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James Byrne headshot

Track the Impact of Your Burrito With Chipotle's New 'Real Foodprint' Tool

By James Byrne
Chipotle burrito

Fast-casual Mexican restaurant chain Chipotle claims to be the first brand to launch a sustainability impact tracker for all digital food orders. Called Real Foodprint, the new feature shows average values for the sustainability and animal welfare impact of all of its 53 ingredients. The company says it hopes that easy access to the new data will allow customers to tweak their orders toward more ethical or sustainable outcomes. 

The impact data will appear on the menu on Chipotle's website and customer app. These impact values will be shown next to industry average values for each ingredient, enabling a comparison with conventional ingredients against five key metrics: carbon in the atmosphere saved, water saved, supported organic land, improved soil health and antibiotics avoided. 

Customers will also be able to share their order’s impact scores via social media. Bill Nye, the science enthusiast and broadcaster, teamed up with the company to demonstrate the feature in a new TikTok video, showing off how his Chipotle Burrito Bowl measured against the new metrics.

Where does the impact data come from? 

In an era of a proliferation of environmental, social and governance (ESG) metrics, knowing the data that companies use is impartial and reliable can be a challenge. In this case, the data used in the Real Foodprint feature is provided by HowGood, an independent research company. HowGood is home to the world’s largest database of sustainability information for products and ingredients, giving Chipotle’s new feature added legitimacy. 

The researchers at HowGood collated information from Chipotle’s suppliers and combined it with other data from 450 unique sources. These include peer-reviewed scientific literature and industry research, as well as findings from NGOs and government bodies. This enabled an average impact value to be ascertained for each ingredient.

The average industry baseline values were then established by using data from the U.S. Department of Agriculture and the Food and Drug Administration, as well as from the World Health Organization. Chipotle also aggregated the average percentage of each ingredient used in each menu item. 

In a press statement, HowGood’s CEO Alexander Gillett said the new datasets enable a “trailblazing” and truly comprehensive snapshot of each ingredient. Caitlin Leibert, head of sustainability at Chipotle, echoed his sentiment, saying the new feature will enable guests to “make good choices for the planet." Leibert added that the “radical transparency” of the data would also create greater accountability at Chipotle for its impact over time.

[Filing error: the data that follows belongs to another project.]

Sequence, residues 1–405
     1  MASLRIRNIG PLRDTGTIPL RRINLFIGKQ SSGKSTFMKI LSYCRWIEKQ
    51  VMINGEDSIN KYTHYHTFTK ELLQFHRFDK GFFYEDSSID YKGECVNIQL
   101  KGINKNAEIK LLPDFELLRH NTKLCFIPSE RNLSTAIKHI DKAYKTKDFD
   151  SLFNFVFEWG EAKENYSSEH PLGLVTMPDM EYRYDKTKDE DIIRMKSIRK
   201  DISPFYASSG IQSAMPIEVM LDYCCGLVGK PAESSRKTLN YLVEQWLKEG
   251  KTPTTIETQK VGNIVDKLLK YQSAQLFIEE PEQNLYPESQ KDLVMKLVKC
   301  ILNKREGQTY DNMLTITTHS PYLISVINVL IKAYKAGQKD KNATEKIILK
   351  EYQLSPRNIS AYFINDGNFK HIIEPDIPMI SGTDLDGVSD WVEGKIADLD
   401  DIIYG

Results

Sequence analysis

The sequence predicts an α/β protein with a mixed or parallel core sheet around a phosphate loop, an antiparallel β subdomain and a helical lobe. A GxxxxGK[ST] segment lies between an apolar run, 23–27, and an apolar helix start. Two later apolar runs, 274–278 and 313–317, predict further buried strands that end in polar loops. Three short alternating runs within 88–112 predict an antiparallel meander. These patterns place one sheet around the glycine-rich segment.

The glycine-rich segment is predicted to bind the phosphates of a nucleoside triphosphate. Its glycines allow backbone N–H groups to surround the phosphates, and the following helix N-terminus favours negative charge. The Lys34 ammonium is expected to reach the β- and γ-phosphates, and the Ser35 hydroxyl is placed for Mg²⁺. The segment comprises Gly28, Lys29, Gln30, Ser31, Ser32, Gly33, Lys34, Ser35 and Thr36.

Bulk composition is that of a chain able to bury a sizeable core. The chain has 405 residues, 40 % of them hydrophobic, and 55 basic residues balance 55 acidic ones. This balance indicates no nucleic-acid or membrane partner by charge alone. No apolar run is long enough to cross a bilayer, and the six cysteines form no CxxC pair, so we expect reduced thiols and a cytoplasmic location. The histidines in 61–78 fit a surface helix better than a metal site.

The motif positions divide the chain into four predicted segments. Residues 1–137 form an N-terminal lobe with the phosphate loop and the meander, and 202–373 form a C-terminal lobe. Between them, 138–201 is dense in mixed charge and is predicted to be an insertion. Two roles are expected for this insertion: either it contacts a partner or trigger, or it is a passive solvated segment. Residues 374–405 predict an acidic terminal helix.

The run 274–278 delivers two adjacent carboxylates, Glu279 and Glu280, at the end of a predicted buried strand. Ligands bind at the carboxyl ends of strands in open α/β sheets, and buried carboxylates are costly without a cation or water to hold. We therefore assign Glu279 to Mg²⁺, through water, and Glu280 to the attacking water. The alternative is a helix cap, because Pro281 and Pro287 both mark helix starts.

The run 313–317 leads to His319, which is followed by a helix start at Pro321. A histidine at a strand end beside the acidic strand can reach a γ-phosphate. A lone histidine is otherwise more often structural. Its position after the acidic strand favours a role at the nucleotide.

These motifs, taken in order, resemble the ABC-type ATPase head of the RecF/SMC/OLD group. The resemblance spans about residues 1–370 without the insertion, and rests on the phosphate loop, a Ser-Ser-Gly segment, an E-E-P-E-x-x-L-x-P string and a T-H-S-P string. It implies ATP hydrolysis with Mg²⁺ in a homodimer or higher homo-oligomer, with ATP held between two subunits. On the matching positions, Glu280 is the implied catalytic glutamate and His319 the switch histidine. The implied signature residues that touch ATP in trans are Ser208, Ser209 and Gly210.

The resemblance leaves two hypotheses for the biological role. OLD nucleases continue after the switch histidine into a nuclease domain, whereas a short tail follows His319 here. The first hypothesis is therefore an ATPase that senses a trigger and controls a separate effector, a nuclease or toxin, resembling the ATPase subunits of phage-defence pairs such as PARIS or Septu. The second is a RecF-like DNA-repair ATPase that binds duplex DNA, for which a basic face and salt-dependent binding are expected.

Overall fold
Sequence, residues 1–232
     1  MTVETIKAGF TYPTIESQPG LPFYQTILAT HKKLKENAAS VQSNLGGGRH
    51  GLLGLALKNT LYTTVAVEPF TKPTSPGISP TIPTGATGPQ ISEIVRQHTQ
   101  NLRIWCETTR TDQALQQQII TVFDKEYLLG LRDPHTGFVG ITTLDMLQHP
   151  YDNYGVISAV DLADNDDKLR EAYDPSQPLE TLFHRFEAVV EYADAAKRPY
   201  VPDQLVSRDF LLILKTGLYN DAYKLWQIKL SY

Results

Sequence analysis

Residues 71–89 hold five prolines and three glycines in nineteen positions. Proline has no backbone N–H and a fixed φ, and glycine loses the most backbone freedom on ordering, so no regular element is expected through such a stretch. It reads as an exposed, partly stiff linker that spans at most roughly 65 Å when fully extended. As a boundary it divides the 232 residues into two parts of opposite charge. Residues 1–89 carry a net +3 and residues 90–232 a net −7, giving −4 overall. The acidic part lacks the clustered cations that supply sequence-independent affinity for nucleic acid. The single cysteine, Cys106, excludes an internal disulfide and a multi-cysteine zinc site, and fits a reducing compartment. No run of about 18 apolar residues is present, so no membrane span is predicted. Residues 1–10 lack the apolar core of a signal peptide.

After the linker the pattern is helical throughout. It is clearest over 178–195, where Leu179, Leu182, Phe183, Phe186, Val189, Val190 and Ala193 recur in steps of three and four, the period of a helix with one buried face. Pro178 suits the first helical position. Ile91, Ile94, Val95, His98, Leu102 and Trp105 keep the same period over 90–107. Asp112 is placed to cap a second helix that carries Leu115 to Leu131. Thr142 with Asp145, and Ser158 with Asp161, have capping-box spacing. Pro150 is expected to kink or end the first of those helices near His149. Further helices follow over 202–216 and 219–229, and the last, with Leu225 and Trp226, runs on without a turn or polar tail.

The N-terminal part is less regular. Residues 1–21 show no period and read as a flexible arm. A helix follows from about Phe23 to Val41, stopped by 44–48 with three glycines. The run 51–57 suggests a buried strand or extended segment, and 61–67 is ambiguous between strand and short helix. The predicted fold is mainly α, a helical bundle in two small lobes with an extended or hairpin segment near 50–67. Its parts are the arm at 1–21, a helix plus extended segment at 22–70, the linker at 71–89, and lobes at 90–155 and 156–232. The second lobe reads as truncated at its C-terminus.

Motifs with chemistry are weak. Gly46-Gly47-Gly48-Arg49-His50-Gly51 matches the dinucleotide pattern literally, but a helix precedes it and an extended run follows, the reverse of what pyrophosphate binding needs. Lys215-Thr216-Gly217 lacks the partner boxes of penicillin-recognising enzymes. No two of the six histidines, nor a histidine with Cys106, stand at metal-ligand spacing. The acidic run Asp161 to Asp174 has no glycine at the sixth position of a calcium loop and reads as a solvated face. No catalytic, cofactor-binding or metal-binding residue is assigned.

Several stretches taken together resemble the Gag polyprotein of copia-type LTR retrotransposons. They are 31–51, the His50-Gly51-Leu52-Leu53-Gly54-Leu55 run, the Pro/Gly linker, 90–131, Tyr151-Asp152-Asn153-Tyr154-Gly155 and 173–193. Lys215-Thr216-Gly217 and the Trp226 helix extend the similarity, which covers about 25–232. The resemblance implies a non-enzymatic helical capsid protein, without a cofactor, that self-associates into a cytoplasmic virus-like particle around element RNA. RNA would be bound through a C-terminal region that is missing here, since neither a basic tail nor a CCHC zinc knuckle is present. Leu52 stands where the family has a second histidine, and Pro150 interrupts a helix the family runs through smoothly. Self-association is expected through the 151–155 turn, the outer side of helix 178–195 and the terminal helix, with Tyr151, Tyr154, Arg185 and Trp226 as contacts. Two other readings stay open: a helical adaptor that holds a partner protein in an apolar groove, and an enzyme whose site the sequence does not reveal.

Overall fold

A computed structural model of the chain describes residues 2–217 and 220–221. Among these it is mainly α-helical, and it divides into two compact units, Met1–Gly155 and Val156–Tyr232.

Chipotle Real Foodprint impact tracker
The new 'Real Foodprint' tracker calculates the environmental and animal welfare impact of each Chipotle meal based on five factors. 

A next step for sustainability at Chipotle

On the subject of accountability, Chipotle has been an advocate for a more sustainable agricultural system in the U.S. for decades.

Then-CEO Steve Ells launched Chipotle's “food with integrity” mission statement back in 2001 to address ethical food sourcing. The statement was prompted by an article Ells read at the time on the issue of concentrated animal feeding operations (CAFOs, which are essentially factory farms) — and it ultimately helped define the company’s core values.

The company also has a long track record of emphasizing sustainability and animal welfare in ingredients sourcing. Ells has even testified before the U.S. Congress calling for a reduction in the use of antibiotics in farm animals, so it's no surprise that antibiotic avoidance was chosen as one of Chipotle’s new metrics.

Climate impacts and public health converge

Now more than ever, sustainability and ethical sourcing are hot topics for agriculture and the wider food industry. However, organizations such as the Sustainable Agriculture Network warn that more frequent extreme weather events will put added pressure on farmers to maximize yields. Also, the demand for cheap food still drives industrial farming methods, which increase public health risks, according to organizations like the U.S. Public Interest Group. The group warned in April that factory farm practices provide the perfect breeding ground for the spread of zoonotic viruses, such as the coronavirus, to humans. 

The climate crisis and the COVID-19 pandemic have hammered home the issues of human health and sustainability in ways we will never forget. Chipotle’s new ingredients impact feature is therefore auspiciously timed. If Chipotle’s Real Foodprint can move the needle on safer, more sustainable and ethical food choices, even just a little, that’s got to be a good thing. 

Images courtesy of Chipotle 

James Byrne headshot

James has been writing about investing and sustainable finance and development for over ten years. With a background in sustainability consulting, his book 'Green your business now', was used as the basis for a sustainable business accreditation scheme in the U.K. He also helped PepsiCo with branding and investment strategy for its Tropicana product line as part of its Performance with Purpose agenda. His views on sustainable development and responsible investing have been featured in Morningstar magazine and the UKs Urban Design Journal, an organization that promotes sustainable development. He has an active interest in ESG having written for ESG investor platform Curation, where he helped curate content used in environmental risk briefings for FTSE100 companies. Topics James has covered include governance issues, renewable energy adoption, accessible design, sustainability reporting and climate related financial risk disclosures.

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